Day 29, Falkland Islands to St Helena

1030Z 13APR22, Day 29, Falkland Islands to St Helena. Yesterday and today have both started off cloudy and gray with rain clouds around and the accompanying highly variable winds. Yesterday did turn into a pleasant afternoon with sun, semi-consistent winds and good boat speeds.

Current Position: 17 35S / 008 20W
24 hour progress: 132nm, 5.5kts avg SOG. Overall progress for the passage is 3,696nm, approximately 180nm left to go via a direct line to St Helena.

The last 24 hours have been good progress in mostly the right direction. But it is a bit too little, too late. We are continuing to look at landfall on Thursday night or Friday morning. We are now hoping for a daylight arrival but that seems a bit unlikely as we have to keep up a rather high average speed in the correct direction to make daylight on Thursday or slow way down for Friday morning. The curse of nearly equal day and night times. We shall see and as always do the best with whatever we get.

The winds are supposed to lighten today so maybe that makes slowing down easy. But the winds are supposed to be fresher on Friday so being done and secured to the mooring before they come up also sounds appealing. The good news is that the moon is nearly full and already up at sunset until about 2:30 or 3:00am so that at least helps with some visibility in the mooring field. Of course, Mr Murphy may coordinate with Poseidon leaving us to arrive in the truly dark hours between 2:30 - 5:30am or with the sky clouded over.

Over the course of the day the winds were up and down so we reefed the main and then shook out the reefs repeatedly which kept us busy. They leveled out in the evening and over night giving a little respite. Then they were back to quite variable this morning continuing the work of reefing and then shaking out the reefs. Back and forth. Rinse and repeat.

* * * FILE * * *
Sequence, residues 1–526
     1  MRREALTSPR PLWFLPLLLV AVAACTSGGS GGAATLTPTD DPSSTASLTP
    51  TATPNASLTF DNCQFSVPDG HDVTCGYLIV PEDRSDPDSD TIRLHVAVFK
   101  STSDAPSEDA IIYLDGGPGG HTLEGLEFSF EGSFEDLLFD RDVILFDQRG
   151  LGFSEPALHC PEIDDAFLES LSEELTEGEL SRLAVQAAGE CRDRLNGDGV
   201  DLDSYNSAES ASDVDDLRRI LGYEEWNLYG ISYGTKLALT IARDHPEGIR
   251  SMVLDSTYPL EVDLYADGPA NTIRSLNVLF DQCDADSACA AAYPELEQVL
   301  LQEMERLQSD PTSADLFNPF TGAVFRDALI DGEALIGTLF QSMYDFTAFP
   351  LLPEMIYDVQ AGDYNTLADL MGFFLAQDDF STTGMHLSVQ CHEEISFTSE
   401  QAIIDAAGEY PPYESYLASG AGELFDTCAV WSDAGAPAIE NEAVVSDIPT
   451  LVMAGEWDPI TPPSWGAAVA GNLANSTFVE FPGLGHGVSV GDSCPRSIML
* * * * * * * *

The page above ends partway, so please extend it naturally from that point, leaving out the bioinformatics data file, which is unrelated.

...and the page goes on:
We have done ok on course over the last 24 hours. We are just staying as tight to the wind as we can and taking whatever course that happens to be. The early morning saw us making a bit of extra easting which was very welcome. The other complication is that we do have some current working against us. Our heading would be on course and giving us extra easting but our actual COG (course over ground) is 10 degrees or so west leaving us just on course to St Helena, sometimes a bit better and often a bit under. It's just another element that seems to be working a bit against us this passage.

We have had a couple of good talks aboard and we are now all looking forward to landfall. It has been agreed that while we are disappointed that we didn't reach the goal of arrival before the test, we are still all happier that we tried and came up short than not having tried at all. Spirits are rebounding and we are making plans for hanging out together on a mooring for Easter weekend.

We did not fish yesterday. We decided it was a bit sporty with the higher winds, higher speeds and running close hauled. The line is back in the water today.

We saw 2 whales!!! Ronan spotted the fins close to the boat while he was on watch. We don't know what kind they were. Both whales were relatively small and dark colored with hooked dorsal fins. They were staying on or near the surface and not blowing much into the air. Whatever species they were, it was exciting for all of us to get a quick look at them.

Still no birds. The number of flying fishes remains low but occasionally we are seeing groupings - which are called a glide when flying above the water (and a school when in the water). Also, we learned that a group of penguins is called a waddle on land and a raft in the water. (We wonder if they are called a pod when porpoising above the water? Or a glide as well? And if they are standing on an iceberg, and the iceberg is floating north, and there are orcas in the water, are they a waddle on an iceberg life raft or a raft that should waddle??? Queue "Fox in Socks".)

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